Study of viral integration of HPV-16 in young patients with LSIL
- G Gallo1,
- M Bibbo3,
- L Bagella1,
- A Zamparelli1,
- F Sanseverino4,
- M R Giovagnoli2,
- A Vecchione5,
- A Giordano1
- 1Sbarro Institute for Cancer Research and Molecular Medicine, College of Science and Technology, Temple University, Philadelphia, PA 19122, USA
- 2Cytopathology, II School of Medicine “La Sapienza” University, 00100 Rome, Italy
- 3Department of Pathology, Anatomy and Cell Biology, Jefferson Medical College, Philadelphia, PA 19107, USA
- 4Department of Obstetrics and Gynecology, University of Siena, 53100 Siena, Italy
- 5II School of Medicine “La Sapienza” University, School of Specialisation of Oncology, 00161 Rome, Italy
- Correspondence to: Dr G Gallo, College of Science and Technology, Temple University, BioLife Science Bldg Suite 333, 1900 N 12th Street, Philadelphia, PA 19122, USA;
- Accepted 30 January 2003
Aims: To investigate the physical status of human papillomavirus 16 (HPV-16) in low grade squamous intraepithelial lesions (LSILs) as a means of determining the percentage of viral integration.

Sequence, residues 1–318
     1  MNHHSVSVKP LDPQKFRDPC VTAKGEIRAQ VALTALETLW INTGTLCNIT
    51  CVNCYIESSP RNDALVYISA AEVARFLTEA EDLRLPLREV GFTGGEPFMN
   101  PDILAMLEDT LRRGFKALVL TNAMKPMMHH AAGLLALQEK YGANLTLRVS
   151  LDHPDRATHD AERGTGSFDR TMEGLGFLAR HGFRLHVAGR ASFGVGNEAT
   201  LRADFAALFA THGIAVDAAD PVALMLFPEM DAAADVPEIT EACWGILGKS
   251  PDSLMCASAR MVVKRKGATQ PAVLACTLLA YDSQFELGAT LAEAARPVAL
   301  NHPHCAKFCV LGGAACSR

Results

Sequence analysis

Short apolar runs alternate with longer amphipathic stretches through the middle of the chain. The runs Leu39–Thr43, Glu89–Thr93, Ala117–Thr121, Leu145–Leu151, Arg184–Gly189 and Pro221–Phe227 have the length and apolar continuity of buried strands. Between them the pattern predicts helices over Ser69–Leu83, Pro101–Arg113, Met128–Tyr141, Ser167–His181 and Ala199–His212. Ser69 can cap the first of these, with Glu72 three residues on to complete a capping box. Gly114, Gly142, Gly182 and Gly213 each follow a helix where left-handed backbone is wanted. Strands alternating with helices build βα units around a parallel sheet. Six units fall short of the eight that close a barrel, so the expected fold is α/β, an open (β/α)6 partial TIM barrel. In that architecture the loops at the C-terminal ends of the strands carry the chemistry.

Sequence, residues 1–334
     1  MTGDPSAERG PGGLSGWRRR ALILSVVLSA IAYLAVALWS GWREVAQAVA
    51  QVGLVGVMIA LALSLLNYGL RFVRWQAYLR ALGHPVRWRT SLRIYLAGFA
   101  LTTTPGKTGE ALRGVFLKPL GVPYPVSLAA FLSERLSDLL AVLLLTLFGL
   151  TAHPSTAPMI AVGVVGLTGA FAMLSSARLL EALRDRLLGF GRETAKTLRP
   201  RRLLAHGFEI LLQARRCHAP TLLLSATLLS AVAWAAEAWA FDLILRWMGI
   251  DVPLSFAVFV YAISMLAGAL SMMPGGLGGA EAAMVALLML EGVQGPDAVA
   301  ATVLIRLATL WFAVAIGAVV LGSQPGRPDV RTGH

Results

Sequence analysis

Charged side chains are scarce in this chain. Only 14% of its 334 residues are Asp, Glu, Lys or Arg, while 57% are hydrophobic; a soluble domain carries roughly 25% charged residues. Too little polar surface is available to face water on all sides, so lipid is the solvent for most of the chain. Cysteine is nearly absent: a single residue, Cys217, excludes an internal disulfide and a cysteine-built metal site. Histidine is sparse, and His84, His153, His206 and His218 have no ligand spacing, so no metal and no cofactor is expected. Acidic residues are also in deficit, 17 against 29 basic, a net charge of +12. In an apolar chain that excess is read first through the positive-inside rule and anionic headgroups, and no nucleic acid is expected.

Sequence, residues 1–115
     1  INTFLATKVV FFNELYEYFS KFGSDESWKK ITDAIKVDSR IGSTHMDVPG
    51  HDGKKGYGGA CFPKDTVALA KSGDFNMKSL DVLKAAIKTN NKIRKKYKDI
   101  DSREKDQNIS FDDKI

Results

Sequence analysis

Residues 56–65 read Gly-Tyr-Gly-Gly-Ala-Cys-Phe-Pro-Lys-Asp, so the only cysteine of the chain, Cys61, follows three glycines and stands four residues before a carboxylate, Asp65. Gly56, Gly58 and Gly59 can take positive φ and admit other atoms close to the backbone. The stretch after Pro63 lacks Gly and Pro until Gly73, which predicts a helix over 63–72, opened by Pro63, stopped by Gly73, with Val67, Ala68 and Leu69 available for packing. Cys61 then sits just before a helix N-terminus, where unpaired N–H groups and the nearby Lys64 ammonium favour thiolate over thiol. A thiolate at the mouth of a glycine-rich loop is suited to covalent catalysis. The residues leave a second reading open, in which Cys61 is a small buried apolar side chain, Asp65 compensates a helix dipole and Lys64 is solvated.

Methods: Ninety two LSIL/HPV positive Thin Prep™ samples were initially tested for the E6 gene by the polymerase chain reaction (PCR) to identify the HPV-16 virus. To avoid false positive results, the specificity of the bands obtained from PCR was confirmed by Southern blot hybridisation with internal oligonucleotide probes. Next, a PCR screen for the E2 gene was performed to identify those samples in which the virus was integrated. Viral integration was detected in just over half of them.
Results: Twenty of the 92 samples were HPV-16 positive, as shown by PCR for the E6 gene. Southern blot analysis confirmed that 13 of these samples were positive for the viral E6 gene. Thus, viral integration was detected in just over a half of the samples positive for HPV-16.
Conclusions: These data show that HPV-16 integration occurs in a subset of LSILs. The measurement of HPV-16 integration would be a helpful complementary tool for cytological evaluation in primary cervical screening to identify those patients at risk of developing high grade squamous intraepithelial lesions and cervical cancer.
- HPV, human papillomavirus
- HSIL, high grade squamous intraepithelial lesion
- LSIL, low grade squamous intraepithelial lesion
- ORF, open reading frame
- PCR, polymerase chain reaction
- SCC, saline sodium citrate
- SDS, sodium dodecyl sulfate